There seems to be a growing global trend in the communities of the prominent billionaire global elites, one which, luckily, has seen some of the world’s richest families carve out swaths of their income dedicated to improving the Earth through charity.
The most well known billionaire philanthropists is Bill Gates, co-founder of Microsoft, who, through the Bill & Melinda Gates foundation, the largest charitable organization in the world, has donated over $36 billion since 2000. Other household names also top the list of charitable donors: Warren Buffet, Carlos Slim and Sergey Brin to name a few. But there is a man who is not as well know, but is quietly doing his part to make the world a better place.
Brian Sheth made his fortune as the co-founder and President of Vista Equity Partners, a private equity and venture capital firm which owns over 50 software companies and employs over 65,000 people worldwide. Together with his wife, Adria Sheth, Brian founded The Sangreal Foundation, a charitable organization focused on conservation and environmental protection.
Through a hands-off approach, The Sheth Sangreal Foundation identifies global issues, partners with select organizations, builds a team of world-class specialists, enables them through funding and back-end support and then let the experts do their work.
It’s an interesting take on the normally routine charity structure. The Sheth Sangreal Foundation focuses on building teams and giving them the tools to tackle the problem themselves. The Sangreal Foundation website claims “Sangreal’s hands off approach keeps our teams supported without monopolizing our efforts. Because of that, we’re able to find new and diverse causes to support so we can continue to help change the world.”
The foundation consists of two initiatives: children and conservation. Each leg focusing on causes that support their namesake.
The conservation leg touts a number of successful case studies including the preservation of the Sumatran Rhino, protection of 100,000 acres of Philippine rain forest, as well as launching the “largest global quest for species lost to science.” In addition, Sheth has donated millions of dollars to partner conservation groups and works to help drive funding. For example, in September 2018, The Sangreal Foundation pledged a $15 million challenge grant to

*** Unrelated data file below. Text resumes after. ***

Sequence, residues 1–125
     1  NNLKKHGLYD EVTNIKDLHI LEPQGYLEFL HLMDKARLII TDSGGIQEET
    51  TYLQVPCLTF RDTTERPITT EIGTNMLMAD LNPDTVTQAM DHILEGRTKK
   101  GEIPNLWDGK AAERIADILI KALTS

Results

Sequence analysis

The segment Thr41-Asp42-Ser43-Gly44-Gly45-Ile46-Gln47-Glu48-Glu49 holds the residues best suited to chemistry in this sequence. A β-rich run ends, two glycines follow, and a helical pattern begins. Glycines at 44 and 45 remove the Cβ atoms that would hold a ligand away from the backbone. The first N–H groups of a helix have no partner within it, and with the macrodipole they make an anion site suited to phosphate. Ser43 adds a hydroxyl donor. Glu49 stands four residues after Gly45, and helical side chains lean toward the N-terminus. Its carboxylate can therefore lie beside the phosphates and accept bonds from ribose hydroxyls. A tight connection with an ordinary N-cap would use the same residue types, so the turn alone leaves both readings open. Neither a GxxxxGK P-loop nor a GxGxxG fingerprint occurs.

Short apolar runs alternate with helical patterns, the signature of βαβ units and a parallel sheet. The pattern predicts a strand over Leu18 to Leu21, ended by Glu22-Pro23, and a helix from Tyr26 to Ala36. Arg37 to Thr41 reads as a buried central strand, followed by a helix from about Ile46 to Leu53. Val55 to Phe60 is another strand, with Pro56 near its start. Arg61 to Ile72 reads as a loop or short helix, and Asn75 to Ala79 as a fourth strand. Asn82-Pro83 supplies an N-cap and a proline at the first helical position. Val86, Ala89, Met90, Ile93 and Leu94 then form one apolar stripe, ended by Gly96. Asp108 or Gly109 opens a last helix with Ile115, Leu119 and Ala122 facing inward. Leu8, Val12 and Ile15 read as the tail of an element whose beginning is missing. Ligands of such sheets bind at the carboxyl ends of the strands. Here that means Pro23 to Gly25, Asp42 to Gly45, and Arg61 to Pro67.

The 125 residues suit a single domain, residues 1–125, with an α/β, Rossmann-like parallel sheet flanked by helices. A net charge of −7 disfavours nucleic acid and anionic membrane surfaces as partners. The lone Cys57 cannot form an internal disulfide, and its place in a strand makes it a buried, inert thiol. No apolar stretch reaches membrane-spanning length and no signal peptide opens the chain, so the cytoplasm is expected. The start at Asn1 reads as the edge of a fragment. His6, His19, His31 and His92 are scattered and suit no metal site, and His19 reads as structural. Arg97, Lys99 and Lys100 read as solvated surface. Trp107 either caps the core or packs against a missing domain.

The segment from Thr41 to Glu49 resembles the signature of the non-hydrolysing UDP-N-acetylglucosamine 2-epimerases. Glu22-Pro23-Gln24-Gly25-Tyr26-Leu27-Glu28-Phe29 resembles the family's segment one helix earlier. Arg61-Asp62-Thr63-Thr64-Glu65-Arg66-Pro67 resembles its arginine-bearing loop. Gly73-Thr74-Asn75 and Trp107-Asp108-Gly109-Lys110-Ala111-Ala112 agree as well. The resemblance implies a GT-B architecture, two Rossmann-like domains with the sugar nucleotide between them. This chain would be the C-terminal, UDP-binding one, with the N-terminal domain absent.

which helped raise an additional $17 million and “resulting in more than $32 million in support of GWC’s vital mission of conserving the diversity of life on Earth. The gift matched donations to GWC dollar-for-dollar and has helped accelerate the pace of GWC’s conservation efforts.”
The children initiative boasts work such as creating the Anguilla Music Academy a “3500+ Square Foot Recording Studio With a Technical Production Lab, Office Space, Classroom Space and a GRAMMY Museum Annex,” the creation of a new Boys & Girls Club headquarters in Austin and the creation of Discovery Woods a nature playscape that “steers kids away from sedentary activities and inspires kids play outside and be active, healthy future stewards of our natural world.”
It’s easy to focus on some of the grand objectives of other billionaire philanthropists, such as working to eradicate polio or rid the world of malaria, but it’s a refreshing change of pace to see the wealthy focus on making change on a more micro level. Famine, sickness and disease are global crises, but the education and well-being of the world’s youth is something that deserves some of the attention.
In a world where the mega-rich are under an ever-increasing level of scrutiny over what they do with their wealth, a number of billionaires are embracing the challenge and using their immense resources to build a better planet for everyone. It’s a trend that will hopefully continue.